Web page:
That artist being the Sea, of course, playing some kind of experiment on southern Kent. For the last 5,500 years, it has been building a bizarre headland of chunky shingle at Dungeness. Arid, harsh and flat, whisked by wind with attitude and flanked by nuclear power plants, you know when you’re there, and you never quite forget it.
Spacious, but hardly lonely; an incredible 600 species of plants occupy Dungeness, supporting some extremely rare invertebrates. Bitterns boom from the reeds and warblers sing in the scrub.
Colour is everywhere.
Even in the legs and beak of a redshank.
Birds must have been here since the sea started experimenting with the shingle. Dungeness is designated as a Site of Special Scientific Interest for the geology that underpins its wildlife as well as the species themselves. For the last few thousand years, shingle has been shoved into ridges by storm waves that form the flanks of a triangle, one that is still changing shape. Shingle forelands are uncommon globally and Dungeness is one of the best examples anywhere.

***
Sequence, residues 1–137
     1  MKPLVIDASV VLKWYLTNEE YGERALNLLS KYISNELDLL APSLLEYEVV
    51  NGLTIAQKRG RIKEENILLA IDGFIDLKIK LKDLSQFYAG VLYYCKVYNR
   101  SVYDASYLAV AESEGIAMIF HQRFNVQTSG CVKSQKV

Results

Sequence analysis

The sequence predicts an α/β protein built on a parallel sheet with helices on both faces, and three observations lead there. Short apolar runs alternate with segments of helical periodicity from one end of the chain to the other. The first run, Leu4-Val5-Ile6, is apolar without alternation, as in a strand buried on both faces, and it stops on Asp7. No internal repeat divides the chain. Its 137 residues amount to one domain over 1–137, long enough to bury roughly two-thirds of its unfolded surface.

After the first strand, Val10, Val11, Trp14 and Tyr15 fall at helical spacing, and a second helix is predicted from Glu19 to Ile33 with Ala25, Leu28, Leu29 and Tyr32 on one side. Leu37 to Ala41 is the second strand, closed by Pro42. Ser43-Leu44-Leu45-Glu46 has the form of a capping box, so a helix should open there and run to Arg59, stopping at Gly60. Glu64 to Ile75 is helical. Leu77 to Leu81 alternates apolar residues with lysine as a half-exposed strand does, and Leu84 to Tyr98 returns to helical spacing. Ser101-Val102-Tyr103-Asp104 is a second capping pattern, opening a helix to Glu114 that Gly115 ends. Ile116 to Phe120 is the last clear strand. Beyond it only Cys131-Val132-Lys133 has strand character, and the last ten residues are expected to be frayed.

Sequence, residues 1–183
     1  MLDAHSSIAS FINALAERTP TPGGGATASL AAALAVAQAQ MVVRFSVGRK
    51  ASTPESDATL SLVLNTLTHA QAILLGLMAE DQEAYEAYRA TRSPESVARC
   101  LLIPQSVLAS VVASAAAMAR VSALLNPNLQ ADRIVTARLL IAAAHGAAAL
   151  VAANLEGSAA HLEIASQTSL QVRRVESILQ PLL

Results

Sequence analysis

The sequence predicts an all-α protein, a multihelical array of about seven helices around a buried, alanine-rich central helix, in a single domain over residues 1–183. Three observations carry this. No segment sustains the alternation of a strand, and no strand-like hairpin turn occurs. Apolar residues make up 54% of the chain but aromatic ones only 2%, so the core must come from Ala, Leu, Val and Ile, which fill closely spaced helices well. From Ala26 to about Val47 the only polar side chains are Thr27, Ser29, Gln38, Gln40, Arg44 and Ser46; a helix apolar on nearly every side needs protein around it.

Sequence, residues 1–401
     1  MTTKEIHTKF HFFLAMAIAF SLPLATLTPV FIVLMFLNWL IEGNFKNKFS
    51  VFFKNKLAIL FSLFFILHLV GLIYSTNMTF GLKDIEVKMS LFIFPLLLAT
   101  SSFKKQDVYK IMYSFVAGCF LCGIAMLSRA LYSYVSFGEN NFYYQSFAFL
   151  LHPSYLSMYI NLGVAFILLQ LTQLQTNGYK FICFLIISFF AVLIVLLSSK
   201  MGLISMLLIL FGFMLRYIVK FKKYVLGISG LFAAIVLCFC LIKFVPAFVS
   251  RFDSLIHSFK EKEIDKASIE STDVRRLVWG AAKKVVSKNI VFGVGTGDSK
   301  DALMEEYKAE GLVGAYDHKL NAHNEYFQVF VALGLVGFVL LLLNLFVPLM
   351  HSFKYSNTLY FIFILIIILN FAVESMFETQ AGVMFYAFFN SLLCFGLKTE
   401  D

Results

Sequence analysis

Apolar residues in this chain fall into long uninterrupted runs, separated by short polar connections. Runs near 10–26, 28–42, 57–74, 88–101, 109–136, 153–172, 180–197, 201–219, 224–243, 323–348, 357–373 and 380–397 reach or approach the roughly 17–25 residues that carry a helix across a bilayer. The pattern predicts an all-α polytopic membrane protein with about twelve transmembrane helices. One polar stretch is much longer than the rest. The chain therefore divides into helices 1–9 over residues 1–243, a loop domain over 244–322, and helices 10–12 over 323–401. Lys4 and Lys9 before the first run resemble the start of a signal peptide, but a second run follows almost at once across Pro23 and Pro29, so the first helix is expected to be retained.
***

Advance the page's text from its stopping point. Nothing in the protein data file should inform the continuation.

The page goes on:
And yet, when you visit this wild and surreal place, you could be forgiven for forgetting that the rest of the world is even there.